'Bedside-to-Bench' Investigation of Human Disease. In order to better understand the cellular and molecular underpinnings of human inflammatory disease, we have developed a 'bedside-to-bench' approach, whereby patient blood and biopsies are subject to ex vivo characterization (e.g., flow cytometric, biochemical and transcriptomic analysis) and cell biological experimentation. We are implementing this approach toward understanding of the pathogenic mechanisms of acute both infectious (e.g., sepsis) and sterile (e.g., trauma), well as chronic (e.g., arthritis) inflammatory pathology. We hope that the insights gained from this type of clinically relevant, basic research will facilitate more effective translation to new diagnostics, prognostics and therapeutics.


New and Noteworthy Publications:

Martinelli R, Zeiger AS, Whitfield M, Sciuto TE, Dvorak AM, Van Vliet KJ, Greenwood J, Carman CV. Probing the biomechanical contribution of the endothelium to lymphocyte migration: Diapedesis by the path of least resistance. J Cell Sci, 2014; 127:3720-34. (Highlighted - In This Issue: J Cell Sci, 2014; 127: e1704). This study defines a new migratory process, termed ‘tener-taxis’ (Latin tener, soft, tenuous), whereby leukocytes use invadosome-like protrusions to dynamically sample the mechanical properties (i.e., stiffness) of their environment in order to facilitate barrier breaching at permissively ‘soft’ or ‘tenuous’ locations.

Zonneveld R, Martinelli R, Shapiro NI, Kuijpers TW, Plotz FB, Carman CV. Soluble adhesion molecules as markers for sepsis and the potential pathophysiological discrepancy in neonates, children and adults. Crit Care. 2014; 18:204 (Highlighted – Commentary, Crit Care, 2014; 18;121). This paper reviews the current state-of-the-art in sepsis biomarker research and forwards a new hypothesis that concomitant monitoring of both soluble adhesion markers and circulating ‘sheddases’ may provide an improved diagnostic and prognostic approach.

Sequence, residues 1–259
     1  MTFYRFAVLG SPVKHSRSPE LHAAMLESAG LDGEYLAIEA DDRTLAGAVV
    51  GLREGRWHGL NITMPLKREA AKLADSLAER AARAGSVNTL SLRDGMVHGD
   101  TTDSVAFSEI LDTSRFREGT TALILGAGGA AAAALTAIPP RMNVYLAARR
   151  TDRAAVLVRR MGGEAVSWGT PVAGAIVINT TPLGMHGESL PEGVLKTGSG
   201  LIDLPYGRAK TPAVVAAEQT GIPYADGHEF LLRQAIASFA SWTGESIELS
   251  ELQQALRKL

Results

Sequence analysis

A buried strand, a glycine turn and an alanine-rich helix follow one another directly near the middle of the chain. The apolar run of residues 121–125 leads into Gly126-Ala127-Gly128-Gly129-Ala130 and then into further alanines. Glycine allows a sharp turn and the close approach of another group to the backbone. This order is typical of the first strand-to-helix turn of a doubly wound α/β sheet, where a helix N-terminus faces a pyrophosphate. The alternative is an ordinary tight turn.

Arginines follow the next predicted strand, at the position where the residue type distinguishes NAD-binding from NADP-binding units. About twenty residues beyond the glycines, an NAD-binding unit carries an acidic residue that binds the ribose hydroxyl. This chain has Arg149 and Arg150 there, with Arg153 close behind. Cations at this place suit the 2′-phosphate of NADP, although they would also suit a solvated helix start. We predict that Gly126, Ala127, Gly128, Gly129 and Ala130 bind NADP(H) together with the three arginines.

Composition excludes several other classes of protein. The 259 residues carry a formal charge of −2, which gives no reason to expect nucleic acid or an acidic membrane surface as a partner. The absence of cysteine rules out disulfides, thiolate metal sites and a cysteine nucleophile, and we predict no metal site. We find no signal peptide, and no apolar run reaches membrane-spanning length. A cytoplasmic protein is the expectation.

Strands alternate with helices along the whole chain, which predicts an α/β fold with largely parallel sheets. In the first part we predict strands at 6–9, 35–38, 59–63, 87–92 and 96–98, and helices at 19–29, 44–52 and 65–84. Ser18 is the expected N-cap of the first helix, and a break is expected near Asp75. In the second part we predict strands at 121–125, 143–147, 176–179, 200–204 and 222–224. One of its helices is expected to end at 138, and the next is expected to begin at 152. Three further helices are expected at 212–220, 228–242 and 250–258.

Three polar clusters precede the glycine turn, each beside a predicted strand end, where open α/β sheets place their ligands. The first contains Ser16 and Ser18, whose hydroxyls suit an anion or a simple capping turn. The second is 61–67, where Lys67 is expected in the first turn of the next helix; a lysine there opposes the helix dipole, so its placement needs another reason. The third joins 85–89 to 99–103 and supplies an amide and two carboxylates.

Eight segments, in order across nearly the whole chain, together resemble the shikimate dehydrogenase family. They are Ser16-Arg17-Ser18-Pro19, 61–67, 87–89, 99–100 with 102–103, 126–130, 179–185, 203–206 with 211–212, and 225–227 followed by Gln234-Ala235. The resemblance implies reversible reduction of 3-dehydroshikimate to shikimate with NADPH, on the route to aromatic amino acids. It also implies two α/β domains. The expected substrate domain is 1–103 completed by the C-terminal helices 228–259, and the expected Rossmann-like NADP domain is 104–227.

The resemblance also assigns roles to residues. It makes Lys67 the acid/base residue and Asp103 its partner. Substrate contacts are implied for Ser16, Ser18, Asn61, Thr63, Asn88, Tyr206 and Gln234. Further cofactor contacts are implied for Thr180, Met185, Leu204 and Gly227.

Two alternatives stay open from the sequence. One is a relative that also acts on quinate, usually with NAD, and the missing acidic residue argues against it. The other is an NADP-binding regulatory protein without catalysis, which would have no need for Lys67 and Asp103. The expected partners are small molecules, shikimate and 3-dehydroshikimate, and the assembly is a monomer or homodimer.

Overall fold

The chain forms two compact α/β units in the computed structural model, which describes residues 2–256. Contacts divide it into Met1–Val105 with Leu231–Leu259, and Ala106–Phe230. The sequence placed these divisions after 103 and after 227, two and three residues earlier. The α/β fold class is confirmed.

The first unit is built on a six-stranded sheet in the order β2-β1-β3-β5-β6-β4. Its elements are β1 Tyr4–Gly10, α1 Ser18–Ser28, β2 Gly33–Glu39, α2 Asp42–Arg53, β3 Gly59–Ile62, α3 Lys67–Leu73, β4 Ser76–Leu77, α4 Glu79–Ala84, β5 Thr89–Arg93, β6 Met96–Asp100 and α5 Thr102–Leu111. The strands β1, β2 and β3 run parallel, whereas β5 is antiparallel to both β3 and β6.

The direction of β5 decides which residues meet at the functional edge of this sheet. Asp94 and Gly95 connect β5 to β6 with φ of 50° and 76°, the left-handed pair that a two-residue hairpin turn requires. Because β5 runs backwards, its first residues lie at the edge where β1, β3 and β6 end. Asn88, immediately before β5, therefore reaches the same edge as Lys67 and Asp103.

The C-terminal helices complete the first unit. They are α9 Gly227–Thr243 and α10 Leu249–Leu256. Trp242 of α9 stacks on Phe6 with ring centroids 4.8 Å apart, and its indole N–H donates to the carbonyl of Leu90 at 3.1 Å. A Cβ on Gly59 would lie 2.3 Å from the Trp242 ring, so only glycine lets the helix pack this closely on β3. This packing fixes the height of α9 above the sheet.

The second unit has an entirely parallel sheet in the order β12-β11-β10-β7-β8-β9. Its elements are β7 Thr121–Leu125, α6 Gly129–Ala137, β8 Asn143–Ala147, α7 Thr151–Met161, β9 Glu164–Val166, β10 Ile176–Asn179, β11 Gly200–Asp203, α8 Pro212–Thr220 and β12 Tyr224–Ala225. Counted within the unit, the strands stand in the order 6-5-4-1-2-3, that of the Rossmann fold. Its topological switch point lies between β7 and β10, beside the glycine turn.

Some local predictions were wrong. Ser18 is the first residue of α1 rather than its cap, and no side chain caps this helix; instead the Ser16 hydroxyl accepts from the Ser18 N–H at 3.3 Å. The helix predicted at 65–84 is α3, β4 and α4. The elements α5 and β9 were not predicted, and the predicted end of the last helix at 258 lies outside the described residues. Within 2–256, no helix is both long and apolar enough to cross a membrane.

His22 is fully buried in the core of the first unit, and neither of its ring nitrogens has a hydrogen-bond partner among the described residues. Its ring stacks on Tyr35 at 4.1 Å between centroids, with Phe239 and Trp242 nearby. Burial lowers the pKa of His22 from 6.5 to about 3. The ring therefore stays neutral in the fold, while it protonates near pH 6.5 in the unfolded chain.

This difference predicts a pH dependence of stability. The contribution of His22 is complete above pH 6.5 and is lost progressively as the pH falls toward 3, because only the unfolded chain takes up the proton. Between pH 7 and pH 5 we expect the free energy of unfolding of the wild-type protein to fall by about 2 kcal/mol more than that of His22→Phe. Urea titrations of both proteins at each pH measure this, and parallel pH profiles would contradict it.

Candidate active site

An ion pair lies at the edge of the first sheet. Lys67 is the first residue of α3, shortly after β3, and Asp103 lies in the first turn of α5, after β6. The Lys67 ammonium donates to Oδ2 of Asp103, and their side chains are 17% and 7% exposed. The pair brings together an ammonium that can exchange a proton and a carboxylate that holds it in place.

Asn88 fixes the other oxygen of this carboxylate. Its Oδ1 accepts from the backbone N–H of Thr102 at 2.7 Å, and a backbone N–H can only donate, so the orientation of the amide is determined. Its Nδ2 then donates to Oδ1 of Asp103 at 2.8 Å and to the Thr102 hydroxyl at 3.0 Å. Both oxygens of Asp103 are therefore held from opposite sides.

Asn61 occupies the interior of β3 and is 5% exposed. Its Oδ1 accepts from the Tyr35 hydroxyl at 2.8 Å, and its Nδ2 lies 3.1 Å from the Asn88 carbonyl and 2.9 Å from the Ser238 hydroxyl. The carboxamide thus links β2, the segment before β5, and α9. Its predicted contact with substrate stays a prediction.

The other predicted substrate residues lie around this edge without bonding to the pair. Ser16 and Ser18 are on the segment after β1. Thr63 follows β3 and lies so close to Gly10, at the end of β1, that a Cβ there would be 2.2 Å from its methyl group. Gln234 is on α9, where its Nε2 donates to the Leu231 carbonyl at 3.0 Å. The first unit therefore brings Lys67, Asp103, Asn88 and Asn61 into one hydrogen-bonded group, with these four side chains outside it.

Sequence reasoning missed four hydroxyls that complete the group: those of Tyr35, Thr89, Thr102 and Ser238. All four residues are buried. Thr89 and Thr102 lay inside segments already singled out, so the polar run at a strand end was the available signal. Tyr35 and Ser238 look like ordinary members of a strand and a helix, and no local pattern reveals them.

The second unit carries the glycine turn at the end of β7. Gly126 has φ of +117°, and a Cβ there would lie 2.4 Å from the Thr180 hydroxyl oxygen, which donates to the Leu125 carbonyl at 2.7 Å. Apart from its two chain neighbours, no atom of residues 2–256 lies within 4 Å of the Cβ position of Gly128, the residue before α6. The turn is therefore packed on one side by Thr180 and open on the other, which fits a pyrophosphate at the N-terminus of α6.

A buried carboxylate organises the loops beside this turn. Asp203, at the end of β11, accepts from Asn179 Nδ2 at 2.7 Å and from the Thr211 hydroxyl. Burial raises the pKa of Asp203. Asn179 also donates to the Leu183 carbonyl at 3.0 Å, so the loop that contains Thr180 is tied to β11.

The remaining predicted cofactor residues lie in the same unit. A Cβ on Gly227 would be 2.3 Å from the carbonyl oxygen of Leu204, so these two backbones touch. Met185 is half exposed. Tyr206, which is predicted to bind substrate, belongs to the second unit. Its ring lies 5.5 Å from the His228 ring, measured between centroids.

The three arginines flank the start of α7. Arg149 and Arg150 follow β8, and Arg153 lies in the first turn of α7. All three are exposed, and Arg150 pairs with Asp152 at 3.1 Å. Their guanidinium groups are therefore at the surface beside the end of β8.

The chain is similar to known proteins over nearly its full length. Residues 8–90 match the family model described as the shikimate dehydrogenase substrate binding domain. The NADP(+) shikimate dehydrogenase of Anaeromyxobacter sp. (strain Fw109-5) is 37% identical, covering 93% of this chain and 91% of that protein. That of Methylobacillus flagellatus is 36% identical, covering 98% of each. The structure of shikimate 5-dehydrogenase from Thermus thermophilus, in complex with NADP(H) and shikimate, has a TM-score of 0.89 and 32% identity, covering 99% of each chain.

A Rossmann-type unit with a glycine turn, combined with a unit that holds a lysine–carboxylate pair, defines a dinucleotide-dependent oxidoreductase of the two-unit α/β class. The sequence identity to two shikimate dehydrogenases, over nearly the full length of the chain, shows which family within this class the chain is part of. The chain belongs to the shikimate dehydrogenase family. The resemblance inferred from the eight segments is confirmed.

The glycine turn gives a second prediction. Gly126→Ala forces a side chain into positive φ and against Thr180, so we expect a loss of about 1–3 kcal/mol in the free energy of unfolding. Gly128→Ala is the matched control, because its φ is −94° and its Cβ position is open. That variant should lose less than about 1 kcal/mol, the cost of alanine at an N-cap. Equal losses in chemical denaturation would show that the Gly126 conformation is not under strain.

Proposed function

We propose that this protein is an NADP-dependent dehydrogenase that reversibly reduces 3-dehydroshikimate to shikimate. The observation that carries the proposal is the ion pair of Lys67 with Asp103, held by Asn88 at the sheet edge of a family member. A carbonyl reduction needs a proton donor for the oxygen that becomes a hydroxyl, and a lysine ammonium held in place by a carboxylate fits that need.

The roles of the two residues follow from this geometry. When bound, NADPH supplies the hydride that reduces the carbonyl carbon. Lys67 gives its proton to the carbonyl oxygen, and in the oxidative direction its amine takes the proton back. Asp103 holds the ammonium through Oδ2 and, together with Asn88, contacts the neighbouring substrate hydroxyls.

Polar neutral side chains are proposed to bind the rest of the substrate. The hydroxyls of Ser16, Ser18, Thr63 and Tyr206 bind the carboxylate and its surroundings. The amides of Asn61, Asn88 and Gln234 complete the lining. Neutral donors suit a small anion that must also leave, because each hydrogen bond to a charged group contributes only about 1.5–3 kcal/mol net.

Martinelli R, Kamei M, Sage PT, Massol R, Varghese L, Sciuto T, Toporsian M, Dvorak AM, Kirchhausen T, Springer TA, Carman CV. Release of cellular tension signals self-restorative ventral lamellipodia to heal barrier micro-wounds. J Cell Biol, 2013; 201:449-65. (Highlighted - JCB BioSights Podcast, May, 2013). This study demonstrates that the vascular endothelium uses mechanical tension to sense the quality of its barrier and implements newly uncover actin remodeling dynamics (i.e., ‘ventral lamellipodia’) to recover and maintain its integrity. It also forwards the counterintuitive idea that endothelial integrity depends of reactive-oxygen species.

Teo GS, Ankrum JA, Martinelli R, Boetto SE, Simms K, Sciuto TE, Dvorak AM, Karp JM, Carman CV. Mesenchymal stem cells transmigrate between and directly through tumor necrosis factor-α-activated endothelial cells via both leukocyte-like and novel mechanisms. Stem Cells, 2012; 30:2472-86. This study characterized for the first time the cellular and molecular basis for MSC transendothelial migration and uncovers a unique alternative to leukocyte actin protrusions, namely non-apoptotic membrane blebbing, for breaching the endothelium and initiating diapedesis.

Carman CV, Sage PT, Sciuto TE, de la Fuete MA, Geha RS, Ochs HD, Dvorak HF, Dvorak AM, Springer TA. Trans-cellular diapedesis is initiated by invasive podosomes. Immunity, 2007; 26:784-97 (Highlighted – Previews: Immunity, 2007; 26:753-5). This study describes a new protrusive organelle in leukocytes, termed ‘invasive-podosomes’ (a.k.a., ‘invadopodia-like protrusions’), that facilitates their trafficking by promoting the breaching of the endothelial barrier.

Carman CV, Springer TA. A Transmigratory cup in leukocyte diapedesis both through individual vascular endothelial cells and between them. J Cell Biol, 2004; 167:377-88 (Highlighted - In This Issue: J Cell Biol, 2004; 167:189). This study was the first to provide conclusive demonstration of the trans-cellular mode of leukocyte diapedesis and also describes a novel actin-dependent endothelial structure (i.e., a ‘transmigratory cup’) that guides leukocyte directionality during extravasation.